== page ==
Edwin H. Sutherland
Authors: David Friedrichs, Isabel Schoultz, and Alexandra Jordanoska
Publisher: London; New York: Routledge, 2018. 204p. (Key Thinkers in Criminology Series)
Reviewer: Brian K. Payne | January 2019
For a seasoned (e.g., old) criminologist, reading Edwin H. Sutherland, written by David Friedrichs, Isabel Schoultz, and Alexandra Jordanoska for Routledge’s Key Thinkers in Criminology Series, is like catching up with an old friend. You get to reminisce about old stories while hearing new nuggets that you want to tell other friends about. Am I the last one to learn that Donald Cressey thought Sutherland was a terrible teacher? Or, that Sutherland actually started his venture into sociology as what would be described as a “distance learning” student in today’s vernacular? For those newer to criminology, the book provides an unapologetic, objective, and detailed overview of the history of criminology. In fact, the book is as much about our discipline as it is about the legacy of Edwin Sutherland, identified by the authors as the “father of the criminology of white-collar crime.” In the end, criminology graduate students will be better prepared for their futures, and criminology scholars will be better for the future of our discipline, after reading this book.
The book is divided into six easy to read chapters. The authors begin with an introduction to Sutherland’s life and career. While most criminologists likely know that Sutherland was the son of a Baptist minister, many might be surprised to learn that Sutherland’s first teaching assignment included Greek, Latin, and shorthand. Such a teaching schedule might make those of us who complained about our early “Monday, Wednesday, Friday” criminal justice statistics teaching assignments seem like whiners! Fortunately for our discipline, Sutherland eventually found his way to sociology. Friedrichs and his co-authors provide an extraordinaire overview of this trajectory in Chapter 1.
In subsequent chapters, the authors provide a detailed description of Sutherland’s impact on criminology and criminological theory as well as an overview of Sutherland’s writings on crime and the criminal law. The attention to detail gives readers an insider’s perspective on the development of differential association theory, a theory that – like its creator – was almost an accidental addition to criminology. An overview of Chic Conwell (The Professional Thief) and white-collar crime is expected. Some readers might be surprised to learn that Sutherland also wrote about sexual psychopath laws. The authors do an outstanding job comparing Sutherland’s writings about these laws with criminologists’ reflections about modern sex offender laws.
After reviewing Sutherland’s contributions, the authors delve into his connections with other sociologists and criminologists. It is especially refreshing to read about Sutherland ’s connections to “key thinkers” of his era as well as those connections he has with modern “key thinkers.” Well-deserved accolades are shared, but so too are criticisms and shortcomings of Sutherland’s work. There is no sugar coating and no punches are pulled. Through it all, though, Sutherland is treated fairly.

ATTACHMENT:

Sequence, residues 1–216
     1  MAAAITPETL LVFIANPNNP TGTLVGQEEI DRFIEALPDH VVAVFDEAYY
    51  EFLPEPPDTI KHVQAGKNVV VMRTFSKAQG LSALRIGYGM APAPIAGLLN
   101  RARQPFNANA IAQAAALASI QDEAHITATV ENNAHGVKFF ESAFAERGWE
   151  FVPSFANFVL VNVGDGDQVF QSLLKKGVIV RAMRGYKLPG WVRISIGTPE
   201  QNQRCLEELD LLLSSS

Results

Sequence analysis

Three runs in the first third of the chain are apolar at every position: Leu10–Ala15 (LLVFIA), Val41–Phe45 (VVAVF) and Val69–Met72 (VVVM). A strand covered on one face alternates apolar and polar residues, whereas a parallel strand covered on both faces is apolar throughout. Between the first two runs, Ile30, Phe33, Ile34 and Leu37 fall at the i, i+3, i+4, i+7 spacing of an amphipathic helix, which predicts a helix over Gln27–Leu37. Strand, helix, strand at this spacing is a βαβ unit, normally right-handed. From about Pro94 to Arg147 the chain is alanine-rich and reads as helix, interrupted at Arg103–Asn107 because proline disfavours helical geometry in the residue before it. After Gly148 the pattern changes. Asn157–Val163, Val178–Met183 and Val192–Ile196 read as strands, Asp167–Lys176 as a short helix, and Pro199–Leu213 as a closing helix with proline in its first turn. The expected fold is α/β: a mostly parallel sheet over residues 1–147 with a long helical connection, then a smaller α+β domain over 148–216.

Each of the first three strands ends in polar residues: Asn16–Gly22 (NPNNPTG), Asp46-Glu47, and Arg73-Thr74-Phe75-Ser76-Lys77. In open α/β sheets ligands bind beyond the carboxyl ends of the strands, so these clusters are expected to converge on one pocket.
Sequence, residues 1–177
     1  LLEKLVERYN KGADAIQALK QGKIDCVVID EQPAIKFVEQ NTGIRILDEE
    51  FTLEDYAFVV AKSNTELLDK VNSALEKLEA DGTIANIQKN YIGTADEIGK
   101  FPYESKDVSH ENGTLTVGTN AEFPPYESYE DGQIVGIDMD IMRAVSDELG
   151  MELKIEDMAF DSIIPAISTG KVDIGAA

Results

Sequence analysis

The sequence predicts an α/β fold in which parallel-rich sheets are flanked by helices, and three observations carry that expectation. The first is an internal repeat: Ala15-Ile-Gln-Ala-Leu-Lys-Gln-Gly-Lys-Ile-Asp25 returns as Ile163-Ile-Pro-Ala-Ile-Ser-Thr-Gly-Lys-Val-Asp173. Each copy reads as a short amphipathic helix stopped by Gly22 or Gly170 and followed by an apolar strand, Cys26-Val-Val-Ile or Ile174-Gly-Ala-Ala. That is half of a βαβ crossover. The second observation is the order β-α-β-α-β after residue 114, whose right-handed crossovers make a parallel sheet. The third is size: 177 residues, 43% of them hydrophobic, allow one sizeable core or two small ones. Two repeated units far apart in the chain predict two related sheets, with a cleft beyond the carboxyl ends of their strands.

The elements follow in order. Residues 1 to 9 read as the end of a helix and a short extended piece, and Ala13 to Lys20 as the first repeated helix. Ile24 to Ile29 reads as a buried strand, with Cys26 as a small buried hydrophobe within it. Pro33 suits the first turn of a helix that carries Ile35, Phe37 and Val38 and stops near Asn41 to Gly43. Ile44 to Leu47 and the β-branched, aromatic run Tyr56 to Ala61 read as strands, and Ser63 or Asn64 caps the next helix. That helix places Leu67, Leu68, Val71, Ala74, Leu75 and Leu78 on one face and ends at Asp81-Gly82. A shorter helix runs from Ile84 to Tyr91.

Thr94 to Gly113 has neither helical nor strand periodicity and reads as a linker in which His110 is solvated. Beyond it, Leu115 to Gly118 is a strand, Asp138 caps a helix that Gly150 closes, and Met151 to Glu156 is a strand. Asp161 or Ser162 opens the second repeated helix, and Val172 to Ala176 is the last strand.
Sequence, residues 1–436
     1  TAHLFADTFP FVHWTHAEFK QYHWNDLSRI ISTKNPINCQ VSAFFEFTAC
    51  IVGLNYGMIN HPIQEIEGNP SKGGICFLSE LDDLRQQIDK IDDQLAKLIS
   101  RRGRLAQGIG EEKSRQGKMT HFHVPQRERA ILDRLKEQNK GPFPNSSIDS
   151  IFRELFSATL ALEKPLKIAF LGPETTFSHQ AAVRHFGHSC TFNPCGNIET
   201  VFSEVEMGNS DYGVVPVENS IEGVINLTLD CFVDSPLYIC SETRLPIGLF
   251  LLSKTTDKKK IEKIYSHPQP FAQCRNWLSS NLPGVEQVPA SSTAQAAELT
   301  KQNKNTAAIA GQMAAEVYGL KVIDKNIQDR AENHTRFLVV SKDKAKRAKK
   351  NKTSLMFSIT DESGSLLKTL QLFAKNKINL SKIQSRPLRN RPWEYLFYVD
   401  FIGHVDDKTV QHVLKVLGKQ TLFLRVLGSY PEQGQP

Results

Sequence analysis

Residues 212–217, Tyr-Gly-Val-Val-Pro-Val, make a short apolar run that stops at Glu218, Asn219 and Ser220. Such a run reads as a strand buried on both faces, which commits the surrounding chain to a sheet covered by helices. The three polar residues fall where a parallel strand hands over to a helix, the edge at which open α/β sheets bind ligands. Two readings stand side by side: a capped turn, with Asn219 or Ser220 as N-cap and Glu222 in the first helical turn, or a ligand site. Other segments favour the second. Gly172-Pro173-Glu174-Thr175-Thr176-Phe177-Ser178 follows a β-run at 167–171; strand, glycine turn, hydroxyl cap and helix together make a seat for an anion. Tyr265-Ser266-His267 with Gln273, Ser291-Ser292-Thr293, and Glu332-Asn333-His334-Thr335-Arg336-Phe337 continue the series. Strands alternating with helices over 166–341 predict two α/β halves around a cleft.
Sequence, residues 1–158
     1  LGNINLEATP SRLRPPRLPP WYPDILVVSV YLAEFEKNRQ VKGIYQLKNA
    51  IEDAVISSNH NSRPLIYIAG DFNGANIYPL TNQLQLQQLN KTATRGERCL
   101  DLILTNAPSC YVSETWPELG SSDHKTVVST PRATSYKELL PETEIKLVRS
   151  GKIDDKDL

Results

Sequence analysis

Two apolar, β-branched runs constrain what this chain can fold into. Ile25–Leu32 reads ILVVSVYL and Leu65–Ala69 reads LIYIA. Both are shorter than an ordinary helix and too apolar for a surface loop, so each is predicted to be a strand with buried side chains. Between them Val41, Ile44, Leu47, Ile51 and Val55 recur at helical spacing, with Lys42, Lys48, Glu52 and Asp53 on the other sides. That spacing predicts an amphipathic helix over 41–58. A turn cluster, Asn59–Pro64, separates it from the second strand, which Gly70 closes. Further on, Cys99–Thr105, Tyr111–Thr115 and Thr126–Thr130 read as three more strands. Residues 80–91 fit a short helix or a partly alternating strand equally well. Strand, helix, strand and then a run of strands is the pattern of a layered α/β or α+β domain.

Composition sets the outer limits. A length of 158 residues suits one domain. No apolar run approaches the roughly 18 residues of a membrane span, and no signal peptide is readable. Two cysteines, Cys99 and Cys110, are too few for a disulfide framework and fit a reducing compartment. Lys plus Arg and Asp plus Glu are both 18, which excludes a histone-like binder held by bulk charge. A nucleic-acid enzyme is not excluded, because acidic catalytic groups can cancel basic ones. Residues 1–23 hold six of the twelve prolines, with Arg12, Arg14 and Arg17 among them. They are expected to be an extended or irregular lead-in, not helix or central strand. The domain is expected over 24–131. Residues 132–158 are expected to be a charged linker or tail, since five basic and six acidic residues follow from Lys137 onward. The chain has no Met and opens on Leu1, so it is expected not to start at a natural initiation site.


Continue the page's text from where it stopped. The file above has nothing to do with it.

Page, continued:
The last chapter of the book will be the favorite for many readers. Rather than simply stating that Sutherland has impacted a generation of criminologists and describing the works of those criminologists, the authors empirically examine his influence on a sample of thirty criminologists from across the world. What better way to assess the influence that a key thinker has had on criminology than to ask current criminologists how said key thinker has influenced their work? As the authors note, “the quantitative data on the number of citations of various works by Sutherland does not reveal enough on the influence that his scholarship has had on generations of criminologists” (p. 154). Friedrichs, Schoultz, and Jordanoska (2018) prove this assertion is correct through their interesting and thoughtful analysis of the feedback they received from their sample.
Friedrichs and his co-authors left me wanting in three different areas. First, their book left me wanting to teach my next graduate criminology course so I can re-read this book with them. What better way to prepare our future criminologists than to spend time talking about our history?
Second, the professor in me couldn’t help but want to know whether my graduate students would describe me as a “terrible teacher,” as Cressey described Sutherland. In the interest of full transparency I checked RateMyProfessor.com (for Sutherland and for me). Sutherland was able to escape public assessments. It’s probably a good thing, even though he likely would have received (and presumably appreciated) a pepper from Mary Bess Owen. For myself, while my pepper less RMP page is also void of scathing assessments from my graduate students, one or two undergraduates were apparently “not fond” of my white-collar crime class.
Third, just as I always want to know the ending of a good movie before it is actually over, the book left me wanting to know what is in store for our criminological future. Who will shape the future of criminology? What will their legacy be? Will our multi-disciplinary trend continue? Looking across our current population of criminology students, who will become a future key thinker? Perhaps one of our future key thinkers is a distance learning student in an online criminology class. After all, Sutherland was introduced to sociology in a home study course.
Whoever becomes our future “key thinker,” let’s hope they read this welcome addition to the criminological literature!
Brian K. Payne, PhD, Vice Provost, Professor of Sociology and Criminal Justice, Old Dominion University